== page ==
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REITs join the ranks of GICS sectors, increase exposure

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At the end of August, benchmark providers Standard & Poor's, Dow Jones and MSCI will promote real estate from an industry group within the financial sector to a sector of its own. As such, real estate will become the 11th sector within the Global Industry Classification Standard framework. (The other 10 are: consumer discretionary, consumer staples, energy, financials, health care, industrials, information technology, materials, telecommunication services, and utilities.)

The addition of the real estate sector is the first since the creation of the GICS structure in 1999, and will provide the newest sector with greater visibility within investment indexes. The newly minted sector will include real estate investment trusts, real estate management companies and development companies. Mortgage REITs will stay classified within the financial sector. This move is a validation of liquid real estate securities as a distinct asset class with a place in every diversified investment portfolio.

We expect this sector change will have a material impact on listed real estate securities due to the extent that the investment community follows the GICS framework. As the basis for many indexes and performance attribution systems, GICS provides the structure for the way many investors view this universe. With the status as a sector, it will be more difficult for generalist investors, such as a mid-cap value manager to ignore real estate. Historically, many of these managers would avoid REITs or significantly under-represent this sector by overweighting other securities within the broader financial sector. With real estate as a standalone sector, it will be more obvious when a manager is significantly underweighting it, resulting in some managers increasing their holdings.

Currently, REITs are represented in the major U.S. equity indexes. As an example, 2.7% of the S&P 500, 10.9% of the S&P Mid Cap 400, and 7.8% in the S&P Small Cap 600 are real estate related stocks, according to S%P.

Moreover, using Morningstar's nine domestic equity style boxes, the highest percentage of REITs are in the in the mid-cap value (15%) and small-cap value (15.3%) segments. But the average mutual fund managers in these categories have allocations of about 6% to REITs in both style box regions, according to Morningstar data, which is a substantial underweight.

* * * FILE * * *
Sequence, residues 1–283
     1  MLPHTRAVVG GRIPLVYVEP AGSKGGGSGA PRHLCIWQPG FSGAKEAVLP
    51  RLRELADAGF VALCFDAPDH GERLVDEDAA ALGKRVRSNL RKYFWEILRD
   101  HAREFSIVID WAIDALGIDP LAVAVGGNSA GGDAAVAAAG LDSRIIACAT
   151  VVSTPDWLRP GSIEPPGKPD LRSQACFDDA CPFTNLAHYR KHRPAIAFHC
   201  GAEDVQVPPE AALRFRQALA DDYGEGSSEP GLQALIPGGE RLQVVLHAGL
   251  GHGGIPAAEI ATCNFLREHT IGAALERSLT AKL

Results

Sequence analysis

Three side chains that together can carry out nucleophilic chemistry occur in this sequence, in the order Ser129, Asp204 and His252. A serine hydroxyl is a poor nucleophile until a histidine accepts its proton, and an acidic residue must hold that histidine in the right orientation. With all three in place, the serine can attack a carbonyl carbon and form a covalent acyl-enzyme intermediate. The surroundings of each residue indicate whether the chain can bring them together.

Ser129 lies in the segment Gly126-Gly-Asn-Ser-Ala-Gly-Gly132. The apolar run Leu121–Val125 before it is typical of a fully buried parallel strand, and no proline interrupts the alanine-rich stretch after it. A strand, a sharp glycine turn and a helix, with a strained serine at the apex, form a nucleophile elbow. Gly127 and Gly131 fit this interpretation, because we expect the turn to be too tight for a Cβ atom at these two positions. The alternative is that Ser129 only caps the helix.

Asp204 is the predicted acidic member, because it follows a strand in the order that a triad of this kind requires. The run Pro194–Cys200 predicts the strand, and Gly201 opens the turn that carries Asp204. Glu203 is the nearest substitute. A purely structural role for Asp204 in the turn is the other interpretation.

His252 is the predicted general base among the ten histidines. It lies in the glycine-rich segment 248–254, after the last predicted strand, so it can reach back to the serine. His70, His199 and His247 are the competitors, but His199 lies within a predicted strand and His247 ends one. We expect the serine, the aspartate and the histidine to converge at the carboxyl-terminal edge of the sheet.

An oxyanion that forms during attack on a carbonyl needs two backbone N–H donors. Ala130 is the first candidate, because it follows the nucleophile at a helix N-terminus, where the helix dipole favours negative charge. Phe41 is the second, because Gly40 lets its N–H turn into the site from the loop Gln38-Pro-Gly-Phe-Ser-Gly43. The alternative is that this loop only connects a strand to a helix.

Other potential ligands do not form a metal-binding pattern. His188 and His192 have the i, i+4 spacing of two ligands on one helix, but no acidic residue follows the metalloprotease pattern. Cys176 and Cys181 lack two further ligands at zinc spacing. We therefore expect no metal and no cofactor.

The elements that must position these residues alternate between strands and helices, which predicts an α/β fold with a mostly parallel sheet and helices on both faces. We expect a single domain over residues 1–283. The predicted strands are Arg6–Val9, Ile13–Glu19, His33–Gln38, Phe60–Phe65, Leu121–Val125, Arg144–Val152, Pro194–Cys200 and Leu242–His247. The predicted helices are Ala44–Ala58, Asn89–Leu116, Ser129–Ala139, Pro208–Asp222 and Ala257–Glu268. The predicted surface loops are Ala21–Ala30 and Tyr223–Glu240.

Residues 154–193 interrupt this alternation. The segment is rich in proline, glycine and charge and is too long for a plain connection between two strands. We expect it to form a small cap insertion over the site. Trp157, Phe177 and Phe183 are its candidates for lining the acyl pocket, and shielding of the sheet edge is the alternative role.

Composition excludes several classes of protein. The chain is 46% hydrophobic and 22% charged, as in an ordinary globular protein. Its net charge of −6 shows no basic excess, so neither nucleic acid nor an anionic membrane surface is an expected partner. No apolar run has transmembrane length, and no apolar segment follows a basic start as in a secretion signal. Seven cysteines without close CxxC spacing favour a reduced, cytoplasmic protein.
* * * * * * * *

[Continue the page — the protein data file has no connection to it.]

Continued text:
No Surprises
Historically, real estate was not a common portfolio holding except for institutional and ultrahigh-net-worth individuals. So while the reclassification of real estate to a GICS sector is a newsworthy milestone, here at U.S. Bank Wealth Management, it doesn't change the weighting that real estate holds in our strategic asset allocation. We see real estate as one of four cornerstone asset classes, along with equities, fixed-income and commodities so it’s business as usual for us. Over the past three decades, real estate has been recognized as a meaningful and mainstream asset class that can be a valuable component of an investment portfolio.

With real estate as a standalone sector, it will be more obvious when a manager is significantly underweighting it, resulting in some managers increasing their holdings.

Indeed, as part of our asset allocation guidance, we will recommend investments in real estate through a variety of products. The best way to attain exposure to real estate is on a case-by-case basis. It depends on the client's asset levels, risk tolerance and liquidity needs. We're able to help clients on real estate investments no matter the form: direst investment, private real estate funds, non-traded REITs, and listed real estate securities that include stocks, mutual funds and ETFs.

We help clients manage their direct real estate investments, such as an industrial warehouse, multifamily apartment complex, farmland or timberland. Our asset allocation guidance to clients provides for a combination of ownership structures including direct and listed securities. The differing characteristic of direct investment and REIT mutual funds can be a benefit in a client's portfolio by providing a layer of diversification within the asset class. Real estate investments, no matter the form, can contribute to a diversified portfolio due to return patterns, comparative performance relative to other asset classes, the potential for inflation protection and the cyclical nature of different property types. Direct ownership or some form of indirect ownership in real estate has historically provided diversification benefits in part due to the combination of income and capital appreciation potential.

At U.S. Bank Wealth Management, we believe that the promotion of real estate as a sector will prompt many benchmark-aware managers to move to a more neutral positioning, which will increase their allocation to real estate names. This will likely provide additional price support and liquidity to REITs, especially for index investors. The reclassification of real estate to a GICS sector is an important transition for this asset class and advisers will likely consider the wide range of real estate investments in their investment strategies for clients.

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